Verifying domain name ownership

I got a nice shout-out on TechCrunch today for discovering an issue with the new Kindle Publisher program.  The vulnerability allowed anyone to claim a blog as their own and take advantage of the 30% rev-share that Amazon offers on their $1.99 subscription fee.  Erick Schonfeld did a nice job covering the issue and explaining the implications of the hack.  You can read about it on the TechCrunch article.

The interesting thing about this vulnerability is that there are already accepted methods in place for verifying that someone owns a domain name.  I understand that Amazon may have wanted to remove the friction from getting people started, but this stuff matters too much to get wrong — especially when there is a large audience and money to be gained.

For those who are interested in the best way to do domain name ownership (ahem, Amazon) Google would be a great role model for you to follow.  There is a nice explanation on how Google’s domain verification process works on their help pages:

To verify that you own a site, you can either add a meta tag to your home page (proving that you have access to the source files), or upload an HTML file with the name you specify to your server (proving that you have access to the server).

Each verification method has its advantages. Verifying using a meta tag is ideal if you aren’t able to upload a file to your server. If you have direct access to your server, you may find it easier and faster to upload an HTML file.

Amazon would do well to follow Google’s lead.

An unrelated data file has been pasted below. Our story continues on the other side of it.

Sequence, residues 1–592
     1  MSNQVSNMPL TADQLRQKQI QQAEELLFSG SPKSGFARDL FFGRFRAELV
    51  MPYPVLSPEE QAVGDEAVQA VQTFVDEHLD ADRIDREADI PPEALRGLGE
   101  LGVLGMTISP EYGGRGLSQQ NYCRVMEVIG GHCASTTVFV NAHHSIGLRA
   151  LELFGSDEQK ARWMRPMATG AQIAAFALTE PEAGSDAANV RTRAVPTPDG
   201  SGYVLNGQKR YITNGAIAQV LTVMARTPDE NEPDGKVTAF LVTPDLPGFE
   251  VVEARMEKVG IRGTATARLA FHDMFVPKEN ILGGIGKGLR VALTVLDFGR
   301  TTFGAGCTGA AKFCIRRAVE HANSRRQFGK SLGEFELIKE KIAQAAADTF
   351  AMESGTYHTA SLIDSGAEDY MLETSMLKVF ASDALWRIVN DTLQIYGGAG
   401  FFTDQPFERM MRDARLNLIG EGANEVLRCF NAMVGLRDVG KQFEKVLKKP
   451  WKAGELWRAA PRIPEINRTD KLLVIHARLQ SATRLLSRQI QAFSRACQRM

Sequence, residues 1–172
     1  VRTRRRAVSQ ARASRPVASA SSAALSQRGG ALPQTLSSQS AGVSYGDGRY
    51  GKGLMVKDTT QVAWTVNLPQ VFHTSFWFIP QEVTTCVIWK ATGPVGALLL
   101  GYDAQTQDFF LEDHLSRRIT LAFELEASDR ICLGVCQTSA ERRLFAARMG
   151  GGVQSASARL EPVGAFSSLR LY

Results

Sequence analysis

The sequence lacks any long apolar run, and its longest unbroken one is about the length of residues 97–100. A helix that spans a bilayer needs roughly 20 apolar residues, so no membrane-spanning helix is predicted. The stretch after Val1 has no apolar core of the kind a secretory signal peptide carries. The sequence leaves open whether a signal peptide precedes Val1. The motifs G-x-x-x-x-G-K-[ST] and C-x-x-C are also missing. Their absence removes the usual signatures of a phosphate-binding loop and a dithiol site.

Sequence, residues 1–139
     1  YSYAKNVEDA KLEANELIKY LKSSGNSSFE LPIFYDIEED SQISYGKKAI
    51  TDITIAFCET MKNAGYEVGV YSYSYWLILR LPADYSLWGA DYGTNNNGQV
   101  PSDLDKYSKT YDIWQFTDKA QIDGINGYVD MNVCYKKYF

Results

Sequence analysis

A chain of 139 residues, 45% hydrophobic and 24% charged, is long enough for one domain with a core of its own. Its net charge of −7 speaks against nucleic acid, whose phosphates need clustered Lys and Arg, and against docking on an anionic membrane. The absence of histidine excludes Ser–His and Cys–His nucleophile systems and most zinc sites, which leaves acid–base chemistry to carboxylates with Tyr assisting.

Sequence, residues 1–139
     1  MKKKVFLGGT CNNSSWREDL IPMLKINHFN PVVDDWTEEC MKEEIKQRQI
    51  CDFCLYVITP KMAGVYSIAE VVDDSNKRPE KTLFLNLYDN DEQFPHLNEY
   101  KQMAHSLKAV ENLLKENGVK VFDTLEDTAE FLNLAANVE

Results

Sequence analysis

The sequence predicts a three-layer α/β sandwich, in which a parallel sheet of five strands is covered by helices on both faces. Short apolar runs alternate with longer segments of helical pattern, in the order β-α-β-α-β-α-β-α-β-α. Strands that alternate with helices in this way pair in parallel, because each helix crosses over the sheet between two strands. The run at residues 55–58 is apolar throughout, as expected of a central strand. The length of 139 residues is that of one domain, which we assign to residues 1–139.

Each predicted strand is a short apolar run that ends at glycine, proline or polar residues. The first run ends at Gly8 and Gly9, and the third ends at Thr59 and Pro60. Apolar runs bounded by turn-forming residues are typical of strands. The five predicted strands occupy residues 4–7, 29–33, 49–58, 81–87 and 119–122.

• Sam

    I saw this on TechCrunch and I was quite surprised Amazon had no ownership verification. I would think verification would be one of the first things you do in a situation like this.

    Google has definitely set a good example.

    • Josh Fraser

      It wouldn't be an issue if they weren't charging for otherwise free content in the first place. :)

      • Justin

        Amen to that. You rock, Josh!

  • Anonymous

    How do you verify ownership for blogs hosted on eblogger/livejournal/wordpress etc? I don’t think this is a simple domain verification.

  • Jon

    Well, in their defense, I think at least part of the idea is to cover the cost of the data transmission (since you don't pay a service fee for the wireless connection in the Kindles). That being said though, I think they should either build that in to the cost of the device or move to a monthly "all-you-can-eat" subscription. Just charge me $10 / month (or whatever) to download all the normally free content I want. At least that model I could get my head around and I might consider reading blogs on my Kindle.

  • KrisBelucci

    Great post! Just wanted to let you know you have a new subscriber- me!

  • Dennis Yu

    You got a PageRank 5 link from TechCrunch– good job!

  • Ahmad Saadillah